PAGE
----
If you could host a mystery-author dinner party, who are the six writers (living or otherwise) you’d include?

I’d ask everyone to bring a dish to make the food easy and interesting. I’d have to invite Wilkie Collins, Josephine Tey, Louise Penny, and Laura VanWormer, since I mentioned them earlier. I’d also invite Candace Calvert and Nancy Herriman, who started this journey with me when we were all struggling with an online course: Intro to Fiction. We’re still in touch and we’re all writing and publishing.

What’s next for you?

I’m currently finishing Dead Storage, Maggie McDonald’s third book, completing final edits on Scheduled to Death, and promoting Address to Die For. Promotion is all new to me, but I’m enjoying it more than I thought I would. My contract with Kensington/Lyrical Underground is for three books. I don’t know yet whether they will choose to renew the contract, so I’m noodling around several different plans. I’d love to write more about Maggie and Belle and their friends, but it would also be fun to do play with stories that take place in a more rural locale, like my new beach home and the agricultural and tourist industries that surround it. In addition, I have two ‘finished’ historical novels that focus on a young Latina who comes to California prior to statehood and the Gold Rush. I wrote them early in my career and would love to polish them up and see if they might find a home. That’s a problem most authors have, I think: too many ideas and not enough time.

And never enough readers, either, so we cherish every one of them. I want to thank everyone who reads and everyone who teaches people to read. They are the reason I’m able to spend my days with Maggie and Belle and share their stories. I’m very grateful.

*****

Professional organizer Maggie McDonald’s super power is bringing order to chaos. She plans a seamless move to California’s Bay Area. Instead, her husband stumbles on a body, launching a police investigation. But vandals plague the neighborhood and murderers roam free — loose ends Maggie can’t help but clean up.

*****

MaryFeliz5895_C5x7PrintMary Feliz called Silicon Valley home for thirty years and learned firsthand that the high-tech heartland is really a series of small towns filled with quirky characters and customs. She’s worked in the Fortune 500 world and for mom and pop enterprises, competed in whale boat races and done synchronized swimming. She attends professional organizer conferences in her character’s stead, but Maggie’s skills leave her literally in the dust.

Advertisements

12 thoughts on “Interview: Mary Feliz”

  1. Sounds fascinating! I love the idea of characters doing the wrong thing for the right reasons or vice versa. Looking forward to checking out your books. Thanks for visiting us!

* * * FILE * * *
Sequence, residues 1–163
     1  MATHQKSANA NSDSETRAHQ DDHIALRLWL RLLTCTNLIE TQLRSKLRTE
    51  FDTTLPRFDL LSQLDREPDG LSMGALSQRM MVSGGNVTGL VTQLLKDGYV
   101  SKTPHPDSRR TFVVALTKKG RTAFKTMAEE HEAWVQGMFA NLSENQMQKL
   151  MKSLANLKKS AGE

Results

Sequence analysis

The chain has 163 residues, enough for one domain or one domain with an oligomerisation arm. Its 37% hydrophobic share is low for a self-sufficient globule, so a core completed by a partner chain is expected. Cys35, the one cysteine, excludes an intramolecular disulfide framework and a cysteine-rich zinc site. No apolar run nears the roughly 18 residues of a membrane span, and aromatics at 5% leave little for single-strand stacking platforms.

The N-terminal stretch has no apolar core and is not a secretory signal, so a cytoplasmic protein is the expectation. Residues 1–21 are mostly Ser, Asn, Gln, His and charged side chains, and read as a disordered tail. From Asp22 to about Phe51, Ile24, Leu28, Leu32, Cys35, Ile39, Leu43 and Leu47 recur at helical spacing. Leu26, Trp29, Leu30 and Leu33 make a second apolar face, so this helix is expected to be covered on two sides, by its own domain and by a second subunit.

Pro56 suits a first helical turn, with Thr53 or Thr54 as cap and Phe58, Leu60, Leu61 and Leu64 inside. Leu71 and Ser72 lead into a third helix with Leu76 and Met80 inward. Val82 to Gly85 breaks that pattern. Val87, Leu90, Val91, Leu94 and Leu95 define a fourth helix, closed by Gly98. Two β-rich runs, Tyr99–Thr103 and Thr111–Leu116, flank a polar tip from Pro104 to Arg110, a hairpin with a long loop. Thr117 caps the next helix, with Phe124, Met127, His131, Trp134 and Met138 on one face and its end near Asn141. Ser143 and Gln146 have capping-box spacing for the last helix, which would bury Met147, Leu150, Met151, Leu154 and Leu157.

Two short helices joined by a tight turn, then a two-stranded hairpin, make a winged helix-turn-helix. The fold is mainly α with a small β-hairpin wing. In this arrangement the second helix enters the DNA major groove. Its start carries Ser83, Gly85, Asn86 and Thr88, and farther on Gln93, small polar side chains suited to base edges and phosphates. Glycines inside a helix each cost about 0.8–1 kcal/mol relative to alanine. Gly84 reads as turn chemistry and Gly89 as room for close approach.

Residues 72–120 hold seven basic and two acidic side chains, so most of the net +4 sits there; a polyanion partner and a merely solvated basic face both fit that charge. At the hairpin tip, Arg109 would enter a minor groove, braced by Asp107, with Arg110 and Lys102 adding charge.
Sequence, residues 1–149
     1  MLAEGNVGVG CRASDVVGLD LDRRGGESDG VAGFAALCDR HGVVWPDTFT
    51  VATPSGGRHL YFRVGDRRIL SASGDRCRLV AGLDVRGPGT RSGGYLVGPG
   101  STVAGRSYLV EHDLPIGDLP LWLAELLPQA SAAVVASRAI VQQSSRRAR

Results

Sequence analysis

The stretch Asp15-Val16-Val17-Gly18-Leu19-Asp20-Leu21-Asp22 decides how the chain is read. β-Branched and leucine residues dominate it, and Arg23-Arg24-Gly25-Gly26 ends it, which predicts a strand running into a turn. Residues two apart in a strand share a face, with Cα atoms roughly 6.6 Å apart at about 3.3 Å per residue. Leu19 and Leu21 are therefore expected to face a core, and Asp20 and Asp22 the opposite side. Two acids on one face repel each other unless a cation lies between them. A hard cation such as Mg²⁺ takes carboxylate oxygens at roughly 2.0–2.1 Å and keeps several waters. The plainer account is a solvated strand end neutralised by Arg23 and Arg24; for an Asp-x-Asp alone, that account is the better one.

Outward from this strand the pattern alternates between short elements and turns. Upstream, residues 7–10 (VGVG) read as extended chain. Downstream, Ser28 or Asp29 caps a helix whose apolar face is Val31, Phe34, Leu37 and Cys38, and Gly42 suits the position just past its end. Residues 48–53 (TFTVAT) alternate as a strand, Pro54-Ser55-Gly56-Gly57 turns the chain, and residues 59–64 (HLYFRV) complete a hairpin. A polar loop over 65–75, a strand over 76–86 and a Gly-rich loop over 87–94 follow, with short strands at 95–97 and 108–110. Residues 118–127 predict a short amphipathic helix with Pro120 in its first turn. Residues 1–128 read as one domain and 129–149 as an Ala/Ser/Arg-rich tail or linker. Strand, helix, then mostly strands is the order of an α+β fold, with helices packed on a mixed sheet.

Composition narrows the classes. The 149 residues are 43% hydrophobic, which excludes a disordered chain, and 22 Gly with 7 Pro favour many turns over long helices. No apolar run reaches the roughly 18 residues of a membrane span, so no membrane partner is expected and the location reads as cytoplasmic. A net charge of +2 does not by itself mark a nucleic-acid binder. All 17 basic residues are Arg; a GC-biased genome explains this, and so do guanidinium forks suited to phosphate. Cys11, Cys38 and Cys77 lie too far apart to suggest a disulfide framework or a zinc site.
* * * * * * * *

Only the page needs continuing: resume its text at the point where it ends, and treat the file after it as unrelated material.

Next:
Like

  2. Welcome, Mary! Wonderful interview. Love that your series is set in Silicone Valley, and that your MC is a professional organizer whose own world is in chaos 🙂 And, oh, you’re so right about authors having the problem of too many ideas and not enough time!

    Like

  3. Thanks everyone for the warm welcome! Please let me know if you have any questions. I recently received a review from a reader who liked the characterization, plot, etc, but did not like the fact that Maggie was married and her husband was sent on a business trip in India just when things were falling apart. She wrote that if I’d wanted a strong female character, I should have written about a woman who was single, divorced, or widowed.

    Maggie has no plans to divorce her smart, funny, supportive husband, a man she met when he was a freshman at the university and she was a senior in high school. In fact, it’s only because of Max’s emotional support and assistance that she has time to do any investigating, run a business, and be a great mom to her two kids. Before Max and Maggie moved to Silicon Valley from their tight knit campus community, they worried about how the pace of life might change and vowed to keep their marriage and their family as a top priority. But it’s tough for them, just as it is for all young families, particularly those with long commutes and demanding careers at which they wish to excel. They have to make difficult tradeoffs. Sometimes they make the right choices and sometimes they might wish they’d chosen differently.

    The tension those tradeoffs create was something I felt needed to be a part of their story, even though a happily married couple is unusual in a cozy mystery despite Agatha Christie’s early introduction of the crime-busting duo Tuppence and Tommy and the popularity of Dashiell Hammett’s Nick and Nora Charles.